The billionaires’ NFL club
As Elon Musk has demonstrated, it’s really hard to tell a billionaire what to do. Generally speaking, they’ve grown accustomed to having their way, which in many cases how they become billionaires in the first place.
That is the inherent challenge with billionaire real estate developer Stephen Ross, who for the sake of this commentary is also the owner of the Miami Dolphins. Ross has found himself in trouble with the NFL for a list of reasons, all of which put NFL commissioner Roger Goodell in a bit of pickle. Ross has been accused of trying to woo the services of star quarterback Tom Brady and head coach Sean Payton while they were still under contract with other teams, a practice known as tampering and expressly against League rules. He was also accused by former head coach Brian Flores of trying to intentionally lose games, including allegedly offering Flores a $100,000 bonus for every game he tanked. Flores also implicated Ross in a class action lawsuit for systemic racism in hiring practices, an accusation that at least temporarily rocked the league establishment and its often-criticized Rooney Rule.
All of that left NFL commissioner Rodger Goodell in something of a tricky spot. Because on the one hand, his job is largely to work for the 32 billionaires that collectively constitute his employer. While Goodell may be the commissioner, he’s by no means the boss. On the other hand, Goodell has some bright lines he’s quite aware of, namely protecting the integrity of the sport. Which means any talk of throwing games is like a gasoline on a bonfire. It needs to be extinguished as soon as possible.
So that’s what Goodell has tried to do. On the charge of tampering, the NFL has taken away the Dolphins’ first round draft pick in 2023 and third pick in 2024. Ross will be suspended from all NFL activities until October 17, meaning he can’t go to his own team’s facilities, games, or anything NFL related. He’s indefinitely off all NFL owners’ committees. And he’s fined $1.5 million, which is a rounding error for someone worth over eight billion.
Just as interesting is what Goodell didn’t do. Specifically, he said League investigators found no proof of Ross trying to make Flores throw games. And he didn’t touch Flores’ accusations that the NFL operates like a modern-day plantation. Granted, that lawsuit is still pending and thus somewhat independent of this ruling. But in the case of NFL owner vs head coach, the League has spoken. That’s the reality of NFL operations, an organization that currencies in the most public space yet operates like a sports version of Skull and Bones.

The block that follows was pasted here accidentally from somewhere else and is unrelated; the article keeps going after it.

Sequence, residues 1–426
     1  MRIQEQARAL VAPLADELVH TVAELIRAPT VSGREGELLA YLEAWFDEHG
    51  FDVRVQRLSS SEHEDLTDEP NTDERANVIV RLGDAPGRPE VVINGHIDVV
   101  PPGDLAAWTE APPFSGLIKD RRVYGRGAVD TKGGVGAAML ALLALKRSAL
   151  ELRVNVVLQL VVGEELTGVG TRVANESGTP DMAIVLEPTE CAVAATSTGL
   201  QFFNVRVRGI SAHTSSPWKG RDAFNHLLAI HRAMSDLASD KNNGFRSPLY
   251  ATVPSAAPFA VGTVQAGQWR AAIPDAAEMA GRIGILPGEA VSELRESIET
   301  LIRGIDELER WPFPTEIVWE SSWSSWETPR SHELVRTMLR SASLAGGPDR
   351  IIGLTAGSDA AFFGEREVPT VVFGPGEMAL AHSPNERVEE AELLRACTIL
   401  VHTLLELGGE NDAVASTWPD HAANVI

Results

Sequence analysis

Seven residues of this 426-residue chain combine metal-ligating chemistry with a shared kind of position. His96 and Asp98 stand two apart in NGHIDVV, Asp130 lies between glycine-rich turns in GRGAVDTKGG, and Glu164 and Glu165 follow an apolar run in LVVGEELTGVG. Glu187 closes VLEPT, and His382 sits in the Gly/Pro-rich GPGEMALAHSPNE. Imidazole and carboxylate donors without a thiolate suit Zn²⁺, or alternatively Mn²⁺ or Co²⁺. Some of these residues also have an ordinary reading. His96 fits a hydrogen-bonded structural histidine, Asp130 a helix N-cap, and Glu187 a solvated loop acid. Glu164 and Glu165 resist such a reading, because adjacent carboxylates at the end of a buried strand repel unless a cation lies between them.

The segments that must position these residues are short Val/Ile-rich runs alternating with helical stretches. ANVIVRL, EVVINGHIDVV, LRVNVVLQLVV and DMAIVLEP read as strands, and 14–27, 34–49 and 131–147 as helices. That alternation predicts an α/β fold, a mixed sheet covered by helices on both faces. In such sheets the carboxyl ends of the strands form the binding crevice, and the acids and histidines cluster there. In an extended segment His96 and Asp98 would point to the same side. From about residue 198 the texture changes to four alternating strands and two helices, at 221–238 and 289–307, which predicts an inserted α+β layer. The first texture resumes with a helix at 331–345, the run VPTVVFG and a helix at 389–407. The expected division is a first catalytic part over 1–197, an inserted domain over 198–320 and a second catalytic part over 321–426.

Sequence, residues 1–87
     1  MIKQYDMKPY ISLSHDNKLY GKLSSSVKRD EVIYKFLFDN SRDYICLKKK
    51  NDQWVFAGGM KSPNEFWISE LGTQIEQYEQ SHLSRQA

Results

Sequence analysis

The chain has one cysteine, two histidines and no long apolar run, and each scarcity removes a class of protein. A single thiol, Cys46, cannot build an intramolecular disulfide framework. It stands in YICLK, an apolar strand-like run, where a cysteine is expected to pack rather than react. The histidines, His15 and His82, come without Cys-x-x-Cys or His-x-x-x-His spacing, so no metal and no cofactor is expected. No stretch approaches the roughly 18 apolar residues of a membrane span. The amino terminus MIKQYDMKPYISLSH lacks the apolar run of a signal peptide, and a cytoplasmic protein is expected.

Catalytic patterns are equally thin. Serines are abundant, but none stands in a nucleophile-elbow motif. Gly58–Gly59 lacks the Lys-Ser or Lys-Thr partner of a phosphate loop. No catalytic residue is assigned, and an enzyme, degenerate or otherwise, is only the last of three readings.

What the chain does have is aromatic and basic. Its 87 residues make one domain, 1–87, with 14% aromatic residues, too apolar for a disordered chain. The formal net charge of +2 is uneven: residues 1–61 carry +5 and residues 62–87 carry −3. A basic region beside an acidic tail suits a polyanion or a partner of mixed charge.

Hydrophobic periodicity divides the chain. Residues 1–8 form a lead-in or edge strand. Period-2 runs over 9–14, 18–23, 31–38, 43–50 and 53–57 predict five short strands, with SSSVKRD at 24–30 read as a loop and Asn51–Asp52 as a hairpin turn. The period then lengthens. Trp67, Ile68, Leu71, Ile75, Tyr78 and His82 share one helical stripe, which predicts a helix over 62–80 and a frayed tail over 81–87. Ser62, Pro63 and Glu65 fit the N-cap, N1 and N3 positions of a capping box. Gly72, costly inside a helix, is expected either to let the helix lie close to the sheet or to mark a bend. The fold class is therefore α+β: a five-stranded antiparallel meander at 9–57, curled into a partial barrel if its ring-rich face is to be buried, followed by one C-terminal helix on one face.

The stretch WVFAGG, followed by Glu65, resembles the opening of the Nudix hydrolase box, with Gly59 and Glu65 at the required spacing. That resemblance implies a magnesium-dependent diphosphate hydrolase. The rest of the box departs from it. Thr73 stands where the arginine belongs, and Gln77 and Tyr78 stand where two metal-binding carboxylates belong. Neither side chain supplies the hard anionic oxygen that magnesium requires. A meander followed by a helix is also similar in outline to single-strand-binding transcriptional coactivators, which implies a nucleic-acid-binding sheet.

Without a doubt, Roger Goodell will be criticized for what many will call a hand slap. People will compare Ross’s suspension to much longer sentences for players, including cases where players have lost a full year for recreational drug use. Such critique may be fair, if not entirely relevant given the difference between owners and players, who carry a particular currency in the League’s decision making.
And perhaps that is the most obvious reminder here. Those seeking equitable justice in the case of Stephen Ross should look elsewhere. The NFL is not a democracy, and team owners are not citizens. Trying to punish an NFL team owner is like trying to punish the Soup Nazi on Seinfeld – it’s his shop, even if he’s a jerk. Which means that Roger Goodell will do the only thing he realistically can and probably should do – find a sentence that best satisfies the public perception of this consumer product and ensures it remains as popular as ever. That, for the record, is the job the owners hire him to do. And for all the fans who are disappointed, you only have one real choice. That is, speak with your pocketbook and stop watching the NFL, or at least the Dolphins. Unfortunately, history suggests that won’t happen, which only reinforces the League’s cycle of rinse and repeat.
Now, if you want to argue about whether an organization like the NFL deserves so much public subsidy, that’s fair. And why we should never finance a private stadium for billionaires like Stephen Ross. But time and time again, we seem to keep doing exactly the opposite, saying yes every time an NFL owner threatens to move. I suppose that in the end, it’s really hard to tell a billionaire what to do.
Keith Strudler is the director of the School of Communication and Media at Montclair State University. You can follow him on twitter at @KeithStrudler
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